Figures 26 to 31 show the optical micrographs of pits produced by potentiodynamic anodic polarization or cyclic polarization of 316L in different chloride concentrations. Most of the pits were generally of small diameter (i.e less than 50 um). Table 5 describes the morphology of pits generated in chloride media under different conditions. 5.4 Electrochemical Measurements. 5.4.1. Polarization Resistance: Polarization resistance measurements using 316L coupons immersed in Cl- containing solutions were carried at 25, 50 and 80 C under varying pH, Cl- and aerated and deaerated conditions. Typical polarization resistance plots are shown in Fig. 32 to 38. Table 6 lists the corrosion rate values computed from the plots. The polarization data provide following information regarding the behaviour of 316L in Clcontaining solutions. i) At pH = 4 the corrosion rate increases linearly with increasing Clconcentration in range of 100 ppm to 5000 ppm although higher corrosion rates are observed at 500 ppm. ii) With increasing pH, the corrosion rate decreases being highest at pH = 4 and lowest at pH = 9. iii) Corrosion rate increases with increasing temperature being highest at 80 C and lowest at 30 C. iv) Corrosion rates under deaeration are much lower than aerated conditions. v) Corrosion rates of 316L in seawater is 0.064 MPY which is about the same as that in a solution containing 1000 ppm Cl-.

5.4.2. Potentiodynamic Polarization: Typical potentiodynamic anodic polarization plots for 316L in Cl- containing solutions are shown in Fig.39 to 45. The values of Corrosion current (I corr), corrosion potential (E corr), Tafel constants ( Ba and Bc) and corrosion rates computed from potentiodynamic plots are given in Table 7. In general, E Corr shifts to more negative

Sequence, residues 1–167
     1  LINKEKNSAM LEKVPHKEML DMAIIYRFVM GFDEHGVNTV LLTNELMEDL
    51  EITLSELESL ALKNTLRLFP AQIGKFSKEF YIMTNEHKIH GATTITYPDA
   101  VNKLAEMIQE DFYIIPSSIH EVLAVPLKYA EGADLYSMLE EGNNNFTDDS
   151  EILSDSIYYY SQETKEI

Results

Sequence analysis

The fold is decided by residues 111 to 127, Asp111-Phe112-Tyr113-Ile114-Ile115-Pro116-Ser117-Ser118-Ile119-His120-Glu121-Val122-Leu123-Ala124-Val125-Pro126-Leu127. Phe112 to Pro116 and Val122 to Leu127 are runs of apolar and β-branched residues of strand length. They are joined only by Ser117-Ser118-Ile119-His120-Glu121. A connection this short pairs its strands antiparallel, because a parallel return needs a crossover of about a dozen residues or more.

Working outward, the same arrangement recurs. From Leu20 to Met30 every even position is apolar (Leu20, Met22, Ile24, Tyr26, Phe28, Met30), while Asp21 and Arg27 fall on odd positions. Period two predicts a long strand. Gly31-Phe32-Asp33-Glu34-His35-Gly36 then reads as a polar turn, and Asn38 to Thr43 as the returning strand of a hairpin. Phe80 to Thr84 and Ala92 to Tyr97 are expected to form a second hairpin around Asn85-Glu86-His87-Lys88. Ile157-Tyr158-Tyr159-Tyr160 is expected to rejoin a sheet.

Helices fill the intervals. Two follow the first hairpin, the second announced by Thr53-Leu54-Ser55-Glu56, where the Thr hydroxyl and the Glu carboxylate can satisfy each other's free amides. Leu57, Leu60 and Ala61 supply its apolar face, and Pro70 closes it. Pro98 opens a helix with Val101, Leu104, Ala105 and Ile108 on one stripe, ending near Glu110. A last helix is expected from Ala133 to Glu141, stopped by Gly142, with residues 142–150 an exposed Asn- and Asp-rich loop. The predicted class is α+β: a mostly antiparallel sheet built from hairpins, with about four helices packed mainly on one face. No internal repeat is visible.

values with increasing Cl- concentration and temperature. The corrosion rate increases with increasing Cl- concentration and is maximum at pH = 4. 5.4.3. Cyclic Polarization: Some representative cyclic polarization curves for 316L in Cl- containing solutions are shown in Fig. 46 to 54. A hysteresis loop is traced during reverse scan indicating the the possibility of pitting. Table 8 lists the values of pitting potential (E pit) and protection potential (E Prot), which is defined as the potential where forward and reverse scans cross, repassivating pitting polential (Er) is also considered, it is defined as the most active potential at which the nucleation of unstable (i.e. repassivating) pits can occur and is characterized by a reversible increase in current density (CD). The stable nucleation potential (E Pit) is assessed as that at which a stable increase in CD occurs., indicating the initiation of non-repassivating pits. Eprot is the most active potential at which pit propagation can occur. In general,. pitting potential, E Pit is shifted to more negative (or active) value with increasing Cl- concentration and temperature. At a particular temperature and Cl- concentration, the value of E Pit shifts to more noble potential with increase in pH. The electrochemically measured pit potential, Epis found to be a linear function of the logarithm of Cl- concentration (Fig.55). 6. DISCUSSION The immersion tests carried out on 316L coupons at different Cl- concentrations, pH and time intervals and under static and dynamic conditions show extremely low weight losses (10 - 50 ug in typical 4 months runs). At a particular chloride concentration and immersion time, the weight losses were more or less independent pH and static or dynamic conditions. The number and depth of the pits generally increased with increasing immersion time. Maximum number of pits were found on specimens immersed in solutions of PH 4. At pH 7 and 9, the number of pits were smaller but some of them were deep. Under dynamic conditions, the number of pits observed on the surface of the specimen was much smaller than under stagnant condition. Austenitic steels are virtually immune to general corrosion while in contact with fresh or saline water at natural pH. However, in the presence of Cl- these steel are subjected to local attack in the form of pitting or crevice corrosion due to break-down of protective Cr2 O3 film at random sites. The pitting on the passive surface has been explained by the competitive adsorption mechanism in which chloride ion move into metal/oxide film interface at the metal surface. At a particular chloride concentration, a critical potential (E Pit) develops which is sufficient to displace adsorbed oxygen species (protective oxide layer). It appears that low pH and stagnancy provide most favourable conditions for pit growth. In a typical case, under conditions of 4-5 ppm dissolved oxygen and 25 C, the pits grow maximum to 450 and 325 microns at pH 4 under static and dynamic conditions, respectively when 316L specimens were immersed in 300 ppm chloride solutions for 4 months. At higher pHs (7 and 10) the depth rarely exceeded 70 microns. The pit depth appears to be a parabolic function of Clconcentration and therefore with increasing Cl- concentration the rate of pitting appears to slowdown.